Most military  brats of my generation probably put in some time living in Germany at some point in their father’s career.

My first vivid memories date back to that time. Memory is an odd thing, as you age, you start to wonder if the memory is truly yours or what you were told by a parent or family member. Does it make any difference?

The 1940s was a tumultuous and tragic time during and after World War II.  After my Infantry officer father had married Mom and shipped off to Italy to fight, we lived with her parents in southern Virginia. At the end of the war, my family dynamics changed: my father had met an Italian woman he wanted to marry in Trieste, and my mother had met another dashing officer, who had lost his first wife to diabetic shock during the war.

The shift in couples was accomplished shortly after the war, and my new dad, who was already in Germany, had us literally shipped and then railroaded to southern Germany.   I don’t remember the voyage, but I do recall the long train trip from Bremerhaven to Munich because a sliver of coal flew into my eye while I sat at the window. I was only four years old but I do remember the bombed-out city of Munich. A still-standing single wall from an apartment building might continue to hold a feather bedspread the occupant had hung out the window to air out before the building was destroyed.

Since the American Army had been victorious, we took over the best housing in Murnau, which had been and still is a vacation town bordering the Bavarian Alps. Physically undamaged by the war, it was a picturesque town; most homes had window boxes filled with red geraniums in the summer, and there were plenty of places to ski in the winter. We were only 18 miles from Garmisch and the Zugspitze, the highest mountain in Germany, once the site for a winter Olympics in the 1930s.

Young and in love, my parents started married life in an idyllic situation. Although my dad was only a captain, we lived in an 18-room house on a large piece of property where my dad planted tomatoes in the spring. We even had a maid and a houseboy, an older couple who were kind and hard working. The American major next door had two children and their “borrowed” home had a swimming pool, which we all used in warm weather! Army people keep in touch and my parents reconnected with them years later when both couples had retired in Texas.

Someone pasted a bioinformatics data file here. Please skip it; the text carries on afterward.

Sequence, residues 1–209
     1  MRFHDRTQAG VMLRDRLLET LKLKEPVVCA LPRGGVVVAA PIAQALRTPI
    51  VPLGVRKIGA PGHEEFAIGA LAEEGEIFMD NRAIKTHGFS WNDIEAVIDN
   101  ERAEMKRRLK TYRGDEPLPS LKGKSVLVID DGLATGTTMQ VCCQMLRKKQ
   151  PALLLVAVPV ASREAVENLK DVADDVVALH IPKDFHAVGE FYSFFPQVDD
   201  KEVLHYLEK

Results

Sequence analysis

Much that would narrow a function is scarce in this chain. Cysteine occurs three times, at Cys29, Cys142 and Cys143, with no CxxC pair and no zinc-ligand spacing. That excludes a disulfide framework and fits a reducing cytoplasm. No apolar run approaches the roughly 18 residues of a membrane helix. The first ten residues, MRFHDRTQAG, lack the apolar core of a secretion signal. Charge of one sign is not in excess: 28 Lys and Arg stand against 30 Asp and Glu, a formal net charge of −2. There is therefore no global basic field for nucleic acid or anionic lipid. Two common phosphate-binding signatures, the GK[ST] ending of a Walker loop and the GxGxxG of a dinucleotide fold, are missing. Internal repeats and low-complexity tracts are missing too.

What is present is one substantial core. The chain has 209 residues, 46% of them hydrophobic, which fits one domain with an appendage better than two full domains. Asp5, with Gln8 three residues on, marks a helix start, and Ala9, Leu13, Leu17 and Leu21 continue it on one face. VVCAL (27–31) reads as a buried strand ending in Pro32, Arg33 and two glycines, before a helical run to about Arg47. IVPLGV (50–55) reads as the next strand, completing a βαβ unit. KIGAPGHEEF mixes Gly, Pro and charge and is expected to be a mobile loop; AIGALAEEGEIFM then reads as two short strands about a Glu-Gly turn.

Before my sister was born in the Munich Army hospital, my folks had a terrific time: besides photos as evidence, my dad’s German secretary illustrated a picture book diary for them before they left Germany in 1949. They traveled to postwar Paris and saved a booklet from the somewhat scandalous Folies Bergere. Americans weren’t used to seeing total nudity on stage! Skiing at a local hillside and on the nearby Zugspitze was a regular family activity. There were also plenty of parties–we’d won the war, after all!  I remember the Chinese theme party illustrated in the secretary’s book, which I now have. Perhaps it was Chinese New Year.

Perhaps there wasn’t an Army school for me since my mother taught me first grade from the mail order Calvert School in Baltimore, MD. It was so advanced that I skipped second grade when we got back to the States. Another advantage for me was learning German, an easy accomplishment when young and surrounded by Germans. I had made friends with two German youngsters, Seeki and Uti, whose names I remember but not the proper spelling. When my folks needed a translator, it was me they turned to!

I have photos of myself in ski boots and a ski outfit holding my wooden skis. My mother told me later I was a fairly decent skier but I didn’t know how to stop myself after coming down a hill. The prize-wining photo of me, probably at age 5 or 6, was taken by my dad for a photo contest. I was in my mother’s dress, hat and shoes and even stockings. Where was Hollywood?



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